BMI buyout 'will lead to monopoly'
The owners of British Airways have announced a deal to buy ailing airline BMI for £172.5 million amid fears that jobs will be lost following the acquisition.
There are concerns that the takeover will unfairly strengthen BA's position at Heathrow airport, with Sir Richard Branson announcing that his rival airline, Virgin Atlantic, would "fight this monopoly every step of the way".
Under the binding agreement, BA's owners, International Airline Group (IAG) will acquire loss-making BMI, formerly British Midland Airways, from German carrier Lufthansa.
This will give IAG, which also owns Spanish airline Iberia, up to 56 additional, and much prized, take-off and landing slots at Heathrow.
IAG chief executive Willie Walsh warned that there would be "some job losses" as a result of the deal, although he added that it was too early to say just how many posts would go.
However he said there could, eventually, be more jobs from the deal if available short-haul slots were later used for long-haul services which would mean "more pilots, more cabin crew and more engineers".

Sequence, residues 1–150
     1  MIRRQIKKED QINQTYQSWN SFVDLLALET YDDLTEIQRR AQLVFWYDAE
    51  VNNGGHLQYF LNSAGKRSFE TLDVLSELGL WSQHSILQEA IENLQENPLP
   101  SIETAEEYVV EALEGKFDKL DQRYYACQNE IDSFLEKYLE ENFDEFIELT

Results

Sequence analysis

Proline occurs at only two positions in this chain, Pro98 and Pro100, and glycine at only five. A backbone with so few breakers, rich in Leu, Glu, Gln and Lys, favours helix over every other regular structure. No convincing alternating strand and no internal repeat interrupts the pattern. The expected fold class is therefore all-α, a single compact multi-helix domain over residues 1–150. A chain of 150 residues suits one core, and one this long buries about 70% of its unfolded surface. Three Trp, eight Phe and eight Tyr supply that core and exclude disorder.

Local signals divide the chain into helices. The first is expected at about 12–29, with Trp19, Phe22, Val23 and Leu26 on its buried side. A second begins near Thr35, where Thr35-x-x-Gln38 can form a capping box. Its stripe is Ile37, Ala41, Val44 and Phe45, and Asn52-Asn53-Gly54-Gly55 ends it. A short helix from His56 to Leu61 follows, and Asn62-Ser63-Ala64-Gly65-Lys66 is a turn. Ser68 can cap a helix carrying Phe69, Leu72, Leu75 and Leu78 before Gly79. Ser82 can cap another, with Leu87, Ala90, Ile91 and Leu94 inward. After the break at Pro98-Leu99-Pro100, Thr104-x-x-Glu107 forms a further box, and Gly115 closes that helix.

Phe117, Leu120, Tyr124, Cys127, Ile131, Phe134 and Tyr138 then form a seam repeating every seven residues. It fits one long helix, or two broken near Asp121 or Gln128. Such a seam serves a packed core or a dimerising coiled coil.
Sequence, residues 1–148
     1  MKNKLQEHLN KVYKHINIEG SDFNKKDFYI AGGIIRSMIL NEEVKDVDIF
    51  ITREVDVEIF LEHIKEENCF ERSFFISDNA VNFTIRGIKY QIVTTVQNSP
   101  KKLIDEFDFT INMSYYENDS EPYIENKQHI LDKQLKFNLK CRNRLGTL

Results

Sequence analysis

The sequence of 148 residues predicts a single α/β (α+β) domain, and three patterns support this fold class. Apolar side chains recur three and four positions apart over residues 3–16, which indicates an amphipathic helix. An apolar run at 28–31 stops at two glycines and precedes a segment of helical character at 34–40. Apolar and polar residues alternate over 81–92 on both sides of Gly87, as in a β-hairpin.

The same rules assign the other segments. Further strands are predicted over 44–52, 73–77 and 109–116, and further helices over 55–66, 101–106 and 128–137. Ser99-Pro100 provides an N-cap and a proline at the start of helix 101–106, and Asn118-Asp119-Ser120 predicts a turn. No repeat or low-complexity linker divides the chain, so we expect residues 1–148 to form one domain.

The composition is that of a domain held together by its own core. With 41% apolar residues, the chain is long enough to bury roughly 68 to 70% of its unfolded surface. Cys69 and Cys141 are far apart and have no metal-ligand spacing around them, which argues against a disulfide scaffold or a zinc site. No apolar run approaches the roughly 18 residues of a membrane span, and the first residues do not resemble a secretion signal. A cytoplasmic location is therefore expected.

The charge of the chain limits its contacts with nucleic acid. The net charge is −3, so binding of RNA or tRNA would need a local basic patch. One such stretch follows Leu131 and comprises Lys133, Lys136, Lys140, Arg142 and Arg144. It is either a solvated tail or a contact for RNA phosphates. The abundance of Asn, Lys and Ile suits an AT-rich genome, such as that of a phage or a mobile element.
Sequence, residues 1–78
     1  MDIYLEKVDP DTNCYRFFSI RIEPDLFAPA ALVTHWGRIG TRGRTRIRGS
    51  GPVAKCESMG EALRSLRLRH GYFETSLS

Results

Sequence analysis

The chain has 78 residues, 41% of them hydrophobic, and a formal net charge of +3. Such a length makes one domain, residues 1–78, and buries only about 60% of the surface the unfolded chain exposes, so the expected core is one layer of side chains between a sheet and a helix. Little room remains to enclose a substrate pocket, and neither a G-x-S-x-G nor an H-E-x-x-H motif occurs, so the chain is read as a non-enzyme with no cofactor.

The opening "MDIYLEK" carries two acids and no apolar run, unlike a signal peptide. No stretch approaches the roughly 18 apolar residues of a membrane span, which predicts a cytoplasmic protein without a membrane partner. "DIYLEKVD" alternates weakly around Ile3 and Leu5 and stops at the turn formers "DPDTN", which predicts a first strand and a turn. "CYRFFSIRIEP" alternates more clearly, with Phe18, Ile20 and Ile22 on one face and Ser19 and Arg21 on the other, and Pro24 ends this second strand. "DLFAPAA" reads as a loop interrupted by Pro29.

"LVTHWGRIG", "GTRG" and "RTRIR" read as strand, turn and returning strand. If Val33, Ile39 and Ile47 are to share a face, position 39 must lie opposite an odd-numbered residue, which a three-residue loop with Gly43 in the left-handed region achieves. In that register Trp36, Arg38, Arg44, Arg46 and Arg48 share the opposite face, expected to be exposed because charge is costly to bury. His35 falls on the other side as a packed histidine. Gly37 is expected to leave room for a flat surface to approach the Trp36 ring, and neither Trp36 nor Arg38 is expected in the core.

Mr Walsh also dismissed talk of BA "over-dominance" at Heathrow, saying that the BMI acquisition would actually "enhance competition".
The deal will see IAG own more than half of the slots at Heathrow - 53% - once completed, which compares with Lufthansa's 66% hold at Frankfurt airport and Air France/KLM's 59% grip at Paris's Charles De Gaulle airport.
Mr Walsh said: "Using the slot portfolio more efficiently provides the option to launch new long-haul routes to key trading nations while supporting our broad domestic and short-haul network."
A spokesman for the Unite union said: "We will be looking to meet with IAG in the immediate future to press for guarantees on jobs and terms."